You can enter any root by typing the number, then hitting MATH and 5, which brings up the root symbol with the x in front of it: x√. So the fifth-root would be 5 -> MATH -> 5 and then whatever number you want to get the fifth-root for: 5x√10 for example. As someone else had mentioned, you can also raise it to a rational power: 3^(1/3) which would be the same as the cubed root of 3, but you could also type: 3 -> MATH -> 5 -> 3 and get the same answer, but looking like this in your calculator: 3x√3. The option for 4 actually is a predefined cubed-root, and the one for option 5 there is the root symbol that can be used with any number before it to get any root you want. There are no parenthesis as you get when using the predefined square-root and cubed-root functions, though, so you may want to type them in yourself if entering a long string of operations in the calculator at one time to make sure the calculator doesn't include numbers under the root that you don't want it to. But I guess it depends on preference in terms of what method you choose between the rational exponents or the root symbol (and most would go with whichever seems easiest and quickest to enter), but you asked specifically how to get the cubed-root on the TI-83 Plus, so there's my best attempt at answering your question.

Aug 22, 2008 | Texas Instruments TI-83 Plus Calculator

1. square of 12

2. cube root of 48 a raise to 5 y raise to 6

3. square root of 128 y raise to 5

4. 6th root of 9 y raise to 2

5. cube root of 24 y raise to 5

6. 10th root of 32 x raise to 5

7. 15th root of 64 x raise to 9

8. 4th root of 10000

9. cube root of 192 p raise to 5

10. cube root of 256 y raise to 12

2. cube root of 48 a raise to 5 y raise to 6

3. square root of 128 y raise to 5

4. 6th root of 9 y raise to 2

5. cube root of 24 y raise to 5

6. 10th root of 32 x raise to 5

7. 15th root of 64 x raise to 9

8. 4th root of 10000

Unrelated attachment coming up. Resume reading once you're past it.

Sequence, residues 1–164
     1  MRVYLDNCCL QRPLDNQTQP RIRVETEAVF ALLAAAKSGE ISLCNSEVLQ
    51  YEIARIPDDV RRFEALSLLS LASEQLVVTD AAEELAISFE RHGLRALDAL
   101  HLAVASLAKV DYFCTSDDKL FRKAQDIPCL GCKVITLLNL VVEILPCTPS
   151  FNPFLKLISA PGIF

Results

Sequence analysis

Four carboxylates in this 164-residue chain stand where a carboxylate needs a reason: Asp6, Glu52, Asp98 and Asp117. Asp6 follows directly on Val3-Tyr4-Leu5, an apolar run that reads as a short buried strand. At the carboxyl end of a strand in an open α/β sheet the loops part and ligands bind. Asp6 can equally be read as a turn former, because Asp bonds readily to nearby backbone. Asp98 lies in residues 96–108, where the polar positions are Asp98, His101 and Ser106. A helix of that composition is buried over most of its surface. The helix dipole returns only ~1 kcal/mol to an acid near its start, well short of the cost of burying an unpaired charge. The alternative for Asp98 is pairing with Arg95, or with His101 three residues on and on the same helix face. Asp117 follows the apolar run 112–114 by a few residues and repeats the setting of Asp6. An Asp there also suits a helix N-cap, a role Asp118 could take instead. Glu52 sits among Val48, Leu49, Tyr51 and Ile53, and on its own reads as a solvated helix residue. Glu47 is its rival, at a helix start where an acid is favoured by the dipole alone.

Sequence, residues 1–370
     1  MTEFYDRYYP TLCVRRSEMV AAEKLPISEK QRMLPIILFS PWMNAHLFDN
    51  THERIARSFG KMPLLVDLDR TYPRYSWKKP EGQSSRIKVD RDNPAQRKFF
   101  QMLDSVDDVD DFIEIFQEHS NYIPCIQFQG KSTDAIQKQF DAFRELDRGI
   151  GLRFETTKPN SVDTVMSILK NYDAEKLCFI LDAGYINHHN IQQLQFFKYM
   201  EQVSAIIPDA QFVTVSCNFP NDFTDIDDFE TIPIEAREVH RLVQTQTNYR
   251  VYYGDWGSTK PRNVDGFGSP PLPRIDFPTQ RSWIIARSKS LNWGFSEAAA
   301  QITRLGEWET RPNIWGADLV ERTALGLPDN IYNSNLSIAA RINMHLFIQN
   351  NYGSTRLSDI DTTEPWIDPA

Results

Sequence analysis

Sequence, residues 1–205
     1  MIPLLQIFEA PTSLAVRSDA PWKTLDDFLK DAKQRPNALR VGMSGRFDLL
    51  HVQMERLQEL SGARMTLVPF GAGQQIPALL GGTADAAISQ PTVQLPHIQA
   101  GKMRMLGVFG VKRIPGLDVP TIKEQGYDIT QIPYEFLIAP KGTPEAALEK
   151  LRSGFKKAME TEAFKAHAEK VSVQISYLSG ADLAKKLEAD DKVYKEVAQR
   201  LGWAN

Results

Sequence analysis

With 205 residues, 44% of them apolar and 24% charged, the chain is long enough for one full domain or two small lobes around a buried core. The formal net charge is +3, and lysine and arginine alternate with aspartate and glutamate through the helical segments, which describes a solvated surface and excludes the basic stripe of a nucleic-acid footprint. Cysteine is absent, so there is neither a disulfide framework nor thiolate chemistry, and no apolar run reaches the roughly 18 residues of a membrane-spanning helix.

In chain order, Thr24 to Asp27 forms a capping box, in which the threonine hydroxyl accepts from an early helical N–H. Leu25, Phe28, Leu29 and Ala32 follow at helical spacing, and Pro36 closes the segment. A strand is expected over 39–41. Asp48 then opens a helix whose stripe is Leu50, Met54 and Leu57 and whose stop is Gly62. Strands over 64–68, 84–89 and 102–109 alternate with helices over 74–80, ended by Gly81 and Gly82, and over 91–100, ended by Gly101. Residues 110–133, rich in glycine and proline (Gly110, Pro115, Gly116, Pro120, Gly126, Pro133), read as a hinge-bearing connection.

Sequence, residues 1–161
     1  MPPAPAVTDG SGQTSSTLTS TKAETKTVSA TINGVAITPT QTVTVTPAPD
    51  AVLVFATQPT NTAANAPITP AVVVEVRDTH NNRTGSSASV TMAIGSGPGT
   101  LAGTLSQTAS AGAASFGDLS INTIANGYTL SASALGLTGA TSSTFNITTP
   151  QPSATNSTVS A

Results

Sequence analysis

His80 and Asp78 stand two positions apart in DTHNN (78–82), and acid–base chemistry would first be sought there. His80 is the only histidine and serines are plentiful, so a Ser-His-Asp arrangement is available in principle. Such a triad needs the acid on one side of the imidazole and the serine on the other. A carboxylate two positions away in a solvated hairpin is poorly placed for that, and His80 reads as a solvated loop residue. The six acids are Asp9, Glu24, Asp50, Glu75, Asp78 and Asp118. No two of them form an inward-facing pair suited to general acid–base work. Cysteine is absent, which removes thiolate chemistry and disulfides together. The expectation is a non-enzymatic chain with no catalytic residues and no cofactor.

9. cube root of 192 p raise to 5

10. cube root of 256 y raise to 12

Jul 04, 2008 | Texas Instruments TI-89 Calculator

There is a way to do it. I believe you go into "complex" or "math" buttons. These buttons are yellow on the calculator. Therefore, to access them you must hit "2nd" then the button.

Better yet, you can also get around this dilemma another way. You can enter "the cubed root of x" by raising x to 1/3.

For example the cubed root of x = x^(1/3). It is best to place parentheses around 1/3 so the calculator knows exactly what you mean.

Another example, the "cubed root of (x + 1)" can be entered by:

(x+1)^(1/3) Note the parenteses around both (x+1) and (1/3). This applies if the radical cover both "x" and "1".

Hope this helps.

Better yet, you can also get around this dilemma another way. You can enter "the cubed root of x" by raising x to 1/3.

For example the cubed root of x = x^(1/3). It is best to place parentheses around 1/3 so the calculator knows exactly what you mean.

Another example, the "cubed root of (x + 1)" can be entered by:

(x+1)^(1/3) Note the parenteses around both (x+1) and (1/3). This applies if the radical cover both "x" and "1".

Hope this helps.

Oct 03, 2007 | Texas Instruments TI-86 Calculator